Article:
Aug. 21 (Bloomberg) -- Neil Wallis and Jules Stenson, former editors at News Corp.’s News of the World, appeared at a London court today for the first time to face allegations of hacking into mobile-phone voice mails.
The pair, who only spoke to confirm their names, had their case transferred to London’s Central Criminal Court, known as the Old Bailey, for a hearing on Sept. 8.
Wallis and Stenson are the most senior ex-News Corp. journalists to appear in court since former News of the World editor Andy Coulson was convicted in June of phone hacking. Coulson was sentenced to 18 months in prison. Rebekah Brooks, the former chief executive officer of News Corp.’s U.K. unit, and four others were acquitted of bribery, obstruction of justice and intercepting voice mails at the eight-month trial.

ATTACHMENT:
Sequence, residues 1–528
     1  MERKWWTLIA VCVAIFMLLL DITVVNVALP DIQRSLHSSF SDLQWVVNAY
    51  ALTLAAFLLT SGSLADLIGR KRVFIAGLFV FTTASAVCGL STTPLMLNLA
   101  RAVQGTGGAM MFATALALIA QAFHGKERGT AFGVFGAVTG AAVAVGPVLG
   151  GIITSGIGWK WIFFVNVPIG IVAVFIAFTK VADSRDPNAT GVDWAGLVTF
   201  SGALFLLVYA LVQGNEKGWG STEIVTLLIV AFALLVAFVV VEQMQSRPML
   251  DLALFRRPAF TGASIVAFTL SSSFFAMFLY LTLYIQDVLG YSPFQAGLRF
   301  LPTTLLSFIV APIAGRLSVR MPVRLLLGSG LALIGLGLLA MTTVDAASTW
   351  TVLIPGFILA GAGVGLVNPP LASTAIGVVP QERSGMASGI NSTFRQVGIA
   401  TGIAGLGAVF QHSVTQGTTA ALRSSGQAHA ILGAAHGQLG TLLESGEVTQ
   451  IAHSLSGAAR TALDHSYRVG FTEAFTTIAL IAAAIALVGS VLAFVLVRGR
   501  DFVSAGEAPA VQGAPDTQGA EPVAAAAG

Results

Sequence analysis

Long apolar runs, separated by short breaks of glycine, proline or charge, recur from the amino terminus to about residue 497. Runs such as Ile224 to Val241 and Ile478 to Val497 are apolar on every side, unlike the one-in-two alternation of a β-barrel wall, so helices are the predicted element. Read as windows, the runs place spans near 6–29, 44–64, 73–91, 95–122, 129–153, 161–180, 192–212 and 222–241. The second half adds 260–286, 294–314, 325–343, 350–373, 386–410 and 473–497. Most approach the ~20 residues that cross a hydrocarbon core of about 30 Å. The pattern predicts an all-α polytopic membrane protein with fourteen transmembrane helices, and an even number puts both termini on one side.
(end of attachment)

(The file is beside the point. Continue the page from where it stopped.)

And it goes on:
Stenson was the former features editor of the weekly tabloid and Wallis the deputy editor between January 2003 and January 2007, when the alleged phone hacking happened, U.K. prosecutors said in July.
Anthony France, the crime correspondent at News Corp.’s Sun newspaper, also appeared in court today on charges of conspiring to commit misconduct in a public office. France is accused of paying bribes to a police officer between March 2008 and July 2011 and conspiring to commit misconduct in a public office between July 2009 and August 2009.
Ryan Sabey, a former News of the World reporter who now works at the Sun, and a former soldier, Paul Brunt, were also at the hearing to face charges of conspiring together to commit misconduct in public office.
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